The ties that bind the coaches in Liga MX final

Antonio Mohamed (right) hugs Miguel Herrera before a February 2013 match between Tijuana and America. (Photo by Fausto Vargas/Jam Media/LatinContent via Getty Images)
Antonio Mohamed (right) hugs Miguel Herrera before a February 2013 match between Tijuana and America. (Photo by Fausto Vargas/Jam Media/LatinContent via Getty Images) /

Monterrey and America will battle for the Apertura 2019 trophy on Dec. 26 and 29. The head coaches know each other well.

It has been an odd rollercoaster for Miguel Herrera and Antonio Mohamed in the Liga MX Apertura 2019. On one side, Herrera was on the hot seat in the middle of the season as his title contenders suffered a six-game winless streak. Meanwhile, Mohamed took charge of a highly touted Rayados team that was in danger of missing the playoffs.

Mohamed and Herrera trace their history together back to the legendary Toros Neza team that reached the Liga MX Finals in 1997 before losing to Ricardo Ferretti and the Chivas. Those moments certainly did not define their futures as they became coaches, coaching multiple teams until this day.

Both Herrera and Mohammed have similar coaching tracks as both have managed Tijuana, Monterrey and America. They each have two championships as head coach and each has guided America to Liga MX glory.

Herrera started coaching in 2002, taking the reins at Atlante, a team he had won a title with as a player. He enjoyed success there and moved to a bigger job, head coach of Monterrey. “El Piojo” led the Rayados to two Liga MX Finals but came up short each time. His temper finally wore out his welcome and he began a nomadic stretch, coaching at Veracruz, Estudiantes and Atlante again.

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By then, Herrera had proven his worth and he was hired by America and given one single task: win championships! And that he did. Herrera’s first title came in 2013 in an electrifying final series, winning the championship on a rainy night in Estadio Azteca via a 4-2 penalty shoot-out over Cruz Azul.

“El Piojo” was then “promoted” to the top job with El Tri and took Team Mexico to the 2014 World Cup. The man America hired to succeed Herrera was none other than Antonio Mohamed.

“El Turco” began his coaching career in his native Argentina, then got a brief taste of coaching in Liga MX with Veracruz in 2007. He returned to Mexico four years later to take over at recently promoted Tijuana. Three seasons later, he and the Xolos were lifting the Liga MX trophy.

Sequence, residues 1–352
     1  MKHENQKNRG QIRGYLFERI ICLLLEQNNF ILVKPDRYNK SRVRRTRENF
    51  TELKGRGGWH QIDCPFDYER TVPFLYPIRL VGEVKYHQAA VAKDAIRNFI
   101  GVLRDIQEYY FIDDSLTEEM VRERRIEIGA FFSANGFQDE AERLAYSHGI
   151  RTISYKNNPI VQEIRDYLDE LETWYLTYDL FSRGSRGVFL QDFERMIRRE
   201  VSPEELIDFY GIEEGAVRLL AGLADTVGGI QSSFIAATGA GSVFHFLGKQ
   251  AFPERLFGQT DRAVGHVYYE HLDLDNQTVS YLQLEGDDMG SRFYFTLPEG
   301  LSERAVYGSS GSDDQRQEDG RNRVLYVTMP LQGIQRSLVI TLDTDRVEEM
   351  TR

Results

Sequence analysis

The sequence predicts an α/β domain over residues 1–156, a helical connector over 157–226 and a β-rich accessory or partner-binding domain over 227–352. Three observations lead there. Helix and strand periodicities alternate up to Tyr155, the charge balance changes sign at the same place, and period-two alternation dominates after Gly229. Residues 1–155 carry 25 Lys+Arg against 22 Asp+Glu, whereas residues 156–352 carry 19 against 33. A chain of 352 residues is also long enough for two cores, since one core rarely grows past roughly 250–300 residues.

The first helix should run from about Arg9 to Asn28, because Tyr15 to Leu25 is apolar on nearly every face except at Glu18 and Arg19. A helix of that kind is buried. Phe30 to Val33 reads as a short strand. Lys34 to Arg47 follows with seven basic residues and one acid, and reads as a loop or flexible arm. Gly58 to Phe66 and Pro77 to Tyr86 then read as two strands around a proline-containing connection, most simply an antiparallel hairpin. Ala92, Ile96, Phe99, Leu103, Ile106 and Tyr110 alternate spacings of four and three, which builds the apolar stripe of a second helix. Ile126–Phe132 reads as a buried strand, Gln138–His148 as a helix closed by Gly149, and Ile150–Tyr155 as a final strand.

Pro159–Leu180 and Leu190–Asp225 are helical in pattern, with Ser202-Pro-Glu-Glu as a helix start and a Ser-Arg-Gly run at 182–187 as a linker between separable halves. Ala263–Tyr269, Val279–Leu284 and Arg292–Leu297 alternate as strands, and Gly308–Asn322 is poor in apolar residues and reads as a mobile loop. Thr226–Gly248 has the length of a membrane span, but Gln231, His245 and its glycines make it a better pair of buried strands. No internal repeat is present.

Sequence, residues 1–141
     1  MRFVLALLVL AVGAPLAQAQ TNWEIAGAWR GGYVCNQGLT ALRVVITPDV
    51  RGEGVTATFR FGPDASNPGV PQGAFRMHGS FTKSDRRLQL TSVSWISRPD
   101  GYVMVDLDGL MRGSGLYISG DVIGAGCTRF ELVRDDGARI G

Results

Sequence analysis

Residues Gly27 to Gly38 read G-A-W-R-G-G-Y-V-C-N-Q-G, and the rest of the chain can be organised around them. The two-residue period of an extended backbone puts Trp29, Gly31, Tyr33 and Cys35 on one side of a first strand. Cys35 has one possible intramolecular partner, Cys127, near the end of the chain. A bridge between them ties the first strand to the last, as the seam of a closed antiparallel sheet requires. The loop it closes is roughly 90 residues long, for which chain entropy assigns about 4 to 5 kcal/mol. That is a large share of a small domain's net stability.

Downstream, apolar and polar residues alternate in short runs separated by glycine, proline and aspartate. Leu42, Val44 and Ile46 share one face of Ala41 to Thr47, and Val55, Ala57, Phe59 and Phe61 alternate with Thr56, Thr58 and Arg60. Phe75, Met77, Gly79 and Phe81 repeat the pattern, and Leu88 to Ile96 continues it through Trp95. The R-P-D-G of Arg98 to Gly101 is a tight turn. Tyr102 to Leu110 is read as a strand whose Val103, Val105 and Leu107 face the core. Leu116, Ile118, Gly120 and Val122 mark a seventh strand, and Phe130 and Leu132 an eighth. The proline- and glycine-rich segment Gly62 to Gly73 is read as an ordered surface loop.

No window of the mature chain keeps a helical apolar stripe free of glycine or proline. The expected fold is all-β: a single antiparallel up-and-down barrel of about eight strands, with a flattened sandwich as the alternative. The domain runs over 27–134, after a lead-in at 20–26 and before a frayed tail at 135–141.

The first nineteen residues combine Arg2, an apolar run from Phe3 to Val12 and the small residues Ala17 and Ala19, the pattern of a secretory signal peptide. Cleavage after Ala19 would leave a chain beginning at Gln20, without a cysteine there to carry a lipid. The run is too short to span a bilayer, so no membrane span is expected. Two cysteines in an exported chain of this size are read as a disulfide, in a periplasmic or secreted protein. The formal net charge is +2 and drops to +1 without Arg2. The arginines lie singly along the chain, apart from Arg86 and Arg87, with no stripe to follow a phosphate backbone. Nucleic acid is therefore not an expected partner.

Mohamed then went back home for two seasons but when America came calling in 2014, he gladly flew back to Mexico. Mohamed’s time with America was bittersweet. He won his second Liga MX title in the Apertura 2014 but he left the team after that season on bitter terms. Even before the Finals, it had been revealed that America was moving on from “El Turco.”

Liga MX finalists
Antonio Mohamed (left) greets Miguel Herrera prior to a match between Tijuana and Monterrey in February 2017. (Photo by Gonzalo Gonzalez/Jam Media/LatinContent via Getty Images) /

After a year off, Mohamed made another triumphant return, taking the reins at Monterrey and turning them into an offensive show. He took the Rayados to two Finals – just like Herrera had – and lost both times – just like Herrera had.

In the meantime, Herrera had been fired by Team Mexico (his terrible temper again) and came back to club coaching, first at Tijuana. He helped the Xolos return to the top of the league, earning a No. 1 seed in the Apertura 2016, but he could not replicate Mohamed’s title with Tijuana.

That success earned him a second chance at America and he promptly led the Aguilas to another Liga MX title in the Apertura 2018. He then led America to the Clausura 2019 Copa MX title, just a year-and-a-half after Mohamed has led Monterrey to a Copa MX title.

And so here they are, linked together again. Mohamed will have a chance to take revenge on the team that mistreated him and Herrera will have a chance to vindicate himself after a season that saw him suspended on three occasions for red-card suspensions that included a special three-game ban for a crude verbal assault of a ref after a game.